Some educators that I have come across are either too stern, too strict or too authoritative. This is bad. All educators require a sense of innocence and a certain degree of creativity. But let’s talk about why we need these elements first.
It’s only by sheer chance that I have managed to meet educators who are sincere, dedicated and caring during my schooling days. Of course, I am not making a sweeping statement that most educators are the opposite of this as it will be so unfair to all the great and dedicated educators globally who are putting their hearts and souls into their teaching so that students in their class benefit. However, in my opinion, as long as there’s one educator who fails to fulfill the calling of teaching, there will always be students who are denied the joy of learning. And my heart goes out to them. Being an educator myself, I am glad to discover that I have a great team of colleagues who love their students and care for their welfare, while training them to be independent and self-directed learners. It’s just disappointing to see that in other educational institutions, the turnover of teachers is high. And I am quite sure that the same is happening elsewhere in the world.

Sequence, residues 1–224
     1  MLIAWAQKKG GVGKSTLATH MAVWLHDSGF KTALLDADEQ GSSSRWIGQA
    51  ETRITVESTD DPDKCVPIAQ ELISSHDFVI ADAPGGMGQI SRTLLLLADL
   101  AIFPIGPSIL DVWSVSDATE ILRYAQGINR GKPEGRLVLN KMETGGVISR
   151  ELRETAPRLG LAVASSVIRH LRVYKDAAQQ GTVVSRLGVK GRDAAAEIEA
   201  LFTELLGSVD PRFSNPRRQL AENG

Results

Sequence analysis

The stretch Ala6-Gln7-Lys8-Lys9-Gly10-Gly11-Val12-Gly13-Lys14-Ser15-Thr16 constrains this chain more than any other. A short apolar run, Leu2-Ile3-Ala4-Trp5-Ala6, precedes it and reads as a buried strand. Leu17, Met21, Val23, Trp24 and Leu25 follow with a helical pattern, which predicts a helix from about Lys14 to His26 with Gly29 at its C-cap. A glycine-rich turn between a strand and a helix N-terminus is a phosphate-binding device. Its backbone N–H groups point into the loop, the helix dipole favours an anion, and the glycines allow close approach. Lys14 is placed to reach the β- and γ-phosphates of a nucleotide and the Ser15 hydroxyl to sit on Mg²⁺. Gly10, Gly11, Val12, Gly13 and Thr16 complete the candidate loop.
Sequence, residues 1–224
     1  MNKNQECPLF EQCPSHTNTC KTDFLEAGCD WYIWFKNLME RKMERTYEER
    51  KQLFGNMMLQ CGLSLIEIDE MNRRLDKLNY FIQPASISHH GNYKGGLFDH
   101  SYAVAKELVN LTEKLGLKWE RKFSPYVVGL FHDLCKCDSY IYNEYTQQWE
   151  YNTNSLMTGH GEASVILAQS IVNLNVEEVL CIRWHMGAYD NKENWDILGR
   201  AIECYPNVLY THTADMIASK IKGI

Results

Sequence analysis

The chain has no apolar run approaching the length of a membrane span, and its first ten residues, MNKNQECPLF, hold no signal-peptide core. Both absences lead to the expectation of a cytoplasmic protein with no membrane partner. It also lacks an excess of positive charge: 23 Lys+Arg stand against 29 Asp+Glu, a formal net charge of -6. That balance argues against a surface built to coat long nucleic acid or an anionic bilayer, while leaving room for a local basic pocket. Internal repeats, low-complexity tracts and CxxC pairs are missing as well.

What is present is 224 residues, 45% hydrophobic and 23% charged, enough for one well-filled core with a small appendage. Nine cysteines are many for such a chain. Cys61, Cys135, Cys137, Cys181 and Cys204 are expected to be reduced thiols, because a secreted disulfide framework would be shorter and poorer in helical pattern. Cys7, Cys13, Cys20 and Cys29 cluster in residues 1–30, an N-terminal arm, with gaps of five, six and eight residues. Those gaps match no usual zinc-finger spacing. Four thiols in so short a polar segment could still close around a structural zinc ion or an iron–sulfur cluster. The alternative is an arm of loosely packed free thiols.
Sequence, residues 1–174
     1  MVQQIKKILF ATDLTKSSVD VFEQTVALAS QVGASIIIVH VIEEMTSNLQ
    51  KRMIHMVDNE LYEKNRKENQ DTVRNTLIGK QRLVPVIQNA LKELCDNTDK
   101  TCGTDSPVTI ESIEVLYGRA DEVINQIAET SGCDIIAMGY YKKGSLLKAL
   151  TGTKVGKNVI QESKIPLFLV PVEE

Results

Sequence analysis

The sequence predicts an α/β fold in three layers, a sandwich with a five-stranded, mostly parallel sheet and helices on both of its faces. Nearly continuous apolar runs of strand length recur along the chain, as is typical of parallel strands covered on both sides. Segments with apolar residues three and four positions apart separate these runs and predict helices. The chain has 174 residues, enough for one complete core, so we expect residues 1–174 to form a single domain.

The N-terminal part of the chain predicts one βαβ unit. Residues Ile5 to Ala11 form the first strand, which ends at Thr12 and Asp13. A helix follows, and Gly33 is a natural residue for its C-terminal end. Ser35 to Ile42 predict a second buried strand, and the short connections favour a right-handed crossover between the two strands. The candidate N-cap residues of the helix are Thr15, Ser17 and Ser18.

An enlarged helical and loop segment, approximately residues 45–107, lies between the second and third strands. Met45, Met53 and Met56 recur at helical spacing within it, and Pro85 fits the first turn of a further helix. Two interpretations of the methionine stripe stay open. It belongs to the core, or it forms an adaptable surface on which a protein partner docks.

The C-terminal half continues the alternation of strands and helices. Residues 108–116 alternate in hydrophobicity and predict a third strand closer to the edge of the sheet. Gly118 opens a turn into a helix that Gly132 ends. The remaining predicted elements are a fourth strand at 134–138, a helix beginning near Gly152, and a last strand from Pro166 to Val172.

When I flip the papers, there are often reported cases of students either being unduly or unreasonably punished, conflicts in the classrooms and many other similar incidents happening, not only locally but worldwide. The common perception among the reports is that students are getting more rebellious, which – on the surface- seems to be precisely the case. But that’s just skimming the surface. This is a misconception but it’s no surprise why people think this way. Teachers are supposed to be authoritative figures (at least in the classroom). Thus, if conflicts and altercations result in the classroom with things spinning out of control, it’s undoubtedly not the fault of the teachers. In fact, the teachers should be sympathised. They are the victims. It’s the students who are the ones who should be blamed, since they are the ones who are out of control. When the equilibrium is broken and the scale of classroom harmony tips, students of course become the rebels, and the educators the overthrown. But this is so wrong. And the reason why this is wrong is because people – including most educators – are making assumptions and not asking the right questions.